10 Things Better Left Unsaid to People With a Mental Illness


Editor's Note

If you struggle with self-harm or experience suicidal thoughts, the following post could be potentially triggering. You can contact the Crisis Text Line by texting “START” to 741741. For a list of ways to cope with self-harm urges, visit this resource.

If you live with an eating disorder, the following post could be potentially triggering. You can contact the Crisis Text Line by texting “NEDA” to 741741.

It’s hard to know what to say sometimes to someone struggling with mental health issues. It can feel like you can’t do right for doing wrong and no matter what you say, it doesn’t help. It’s hard — really hard — and it’s easy to be left feeling helpless just trying to say anything to make the person struggling feel better. I get that the words come from a good place, but there are some things that really are better left unsaid.

1. “It could be worse.”

You’re not wrong; it could be. We could say this of every single person on the planet. It could always be worse. You could always throw something else into the mix of a bad situation and make it a total disaster. However, this doesn’t help. It makes someone living with mental illness feel inadequate, most likely on top of what they already do — like they shouldn’t be moaning, like it’s no big deal.

It is a big deal. Mental illness is a total big deal and it can feel like it couldn’t get any worse. If someone is feeling suicidal and those words are spoken, believe me — it’s a soul crusher and leaves you feeling like a waste of air.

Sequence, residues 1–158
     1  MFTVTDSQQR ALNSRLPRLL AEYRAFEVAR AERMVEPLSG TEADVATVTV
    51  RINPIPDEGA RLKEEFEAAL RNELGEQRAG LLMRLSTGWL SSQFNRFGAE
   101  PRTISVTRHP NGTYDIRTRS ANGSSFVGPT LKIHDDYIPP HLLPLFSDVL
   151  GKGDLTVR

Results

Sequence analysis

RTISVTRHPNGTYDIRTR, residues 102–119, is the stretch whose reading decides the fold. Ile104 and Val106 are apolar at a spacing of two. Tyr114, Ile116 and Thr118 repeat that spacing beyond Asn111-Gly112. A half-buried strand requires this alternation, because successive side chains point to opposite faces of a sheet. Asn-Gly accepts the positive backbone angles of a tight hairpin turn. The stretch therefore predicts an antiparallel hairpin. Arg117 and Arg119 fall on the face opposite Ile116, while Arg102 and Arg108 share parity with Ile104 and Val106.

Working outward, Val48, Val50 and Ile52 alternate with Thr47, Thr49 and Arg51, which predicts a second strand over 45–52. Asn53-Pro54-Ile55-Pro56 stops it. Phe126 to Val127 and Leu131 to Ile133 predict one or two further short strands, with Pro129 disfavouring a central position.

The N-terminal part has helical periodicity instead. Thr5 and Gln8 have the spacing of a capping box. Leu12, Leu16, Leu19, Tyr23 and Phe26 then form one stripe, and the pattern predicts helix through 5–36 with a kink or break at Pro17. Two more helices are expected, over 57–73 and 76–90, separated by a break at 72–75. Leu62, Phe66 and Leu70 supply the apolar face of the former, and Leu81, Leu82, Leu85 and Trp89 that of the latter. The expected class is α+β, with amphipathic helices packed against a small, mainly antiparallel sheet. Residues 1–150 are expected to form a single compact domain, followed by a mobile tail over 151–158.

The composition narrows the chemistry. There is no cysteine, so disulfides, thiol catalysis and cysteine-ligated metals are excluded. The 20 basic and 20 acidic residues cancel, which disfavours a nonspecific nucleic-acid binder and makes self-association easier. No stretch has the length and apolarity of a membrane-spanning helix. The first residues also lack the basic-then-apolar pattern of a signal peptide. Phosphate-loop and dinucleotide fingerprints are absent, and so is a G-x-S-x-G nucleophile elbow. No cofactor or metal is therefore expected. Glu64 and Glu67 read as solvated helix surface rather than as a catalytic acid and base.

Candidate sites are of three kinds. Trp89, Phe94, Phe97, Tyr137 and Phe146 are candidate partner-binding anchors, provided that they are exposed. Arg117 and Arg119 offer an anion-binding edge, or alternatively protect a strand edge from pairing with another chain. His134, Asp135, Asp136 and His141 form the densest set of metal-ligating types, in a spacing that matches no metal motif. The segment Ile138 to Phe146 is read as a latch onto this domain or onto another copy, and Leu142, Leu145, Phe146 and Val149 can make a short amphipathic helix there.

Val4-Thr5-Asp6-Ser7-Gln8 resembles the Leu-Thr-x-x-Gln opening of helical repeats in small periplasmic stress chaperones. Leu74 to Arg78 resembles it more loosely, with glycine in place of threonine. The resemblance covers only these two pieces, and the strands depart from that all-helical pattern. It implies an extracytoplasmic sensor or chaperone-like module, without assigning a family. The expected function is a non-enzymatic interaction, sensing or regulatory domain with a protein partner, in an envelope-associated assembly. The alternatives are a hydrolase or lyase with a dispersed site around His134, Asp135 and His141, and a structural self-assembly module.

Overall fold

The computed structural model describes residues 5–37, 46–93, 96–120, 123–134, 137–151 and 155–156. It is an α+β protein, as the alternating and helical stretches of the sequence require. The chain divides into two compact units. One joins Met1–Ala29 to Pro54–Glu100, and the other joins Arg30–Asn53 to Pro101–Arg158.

Everyone experiences things differently, this does not mean that one person’s problems are worse than someone else’s just because they are different.

2. “But you have so much going for you!”

You there! You broke your leg? What the hell did you go and do that for?! You have such wonderful children, a fantastic job you now can’t drive to, and all those things you had planned that you now can’t attend!

Yep. No more words needed.

3. “You’re self-harming? You’re doing it for attention.”

No. I self-harmed for many years and did everything in my power to hide it. This is not something people want to showcase and do everything they can to keep it a secret. Self-harm is usually to release extreme emotions that we don’t feel can be dealt with in any other way. It’s like a boiling pan bubbling over and the frustration and extreme emotion that goes behind self-harm is not attention-seeking behavior. It’s the behavior of someone in extreme emotional turmoil.

4. “You just need to eat.” (To someone with anorexia nervosa.)

Please, please, please do not say this to someone with anorexia. If they could “just eat,” they would. They don’t have the inability to eat, contrary to belief. As someone who struggled with anorexia for many years, we usually want to eat — we don’t want the guilt that comes with it, the tortured mind that follows or the weight gain. But the food itself, we generally want it. We’re hungry. No, not hungry; starving. Literally.

Lots of people with anorexia crave food, study menus and recipes so they already know they should and want to on a basic level, but it’s more complex than that.

It’s the eating disorder voice that tortures someone with anorexia that makes the physical eating feel impossible, so “just” eating is really not an option. This statement really belittles what someone with anorexia is going through.

5. “Pull yourself together.”

I’d love to hear how this is supposed to be done. If someone struggling with mental illness could just “pull themselves together,” believe me — they would have done it a very long time ago.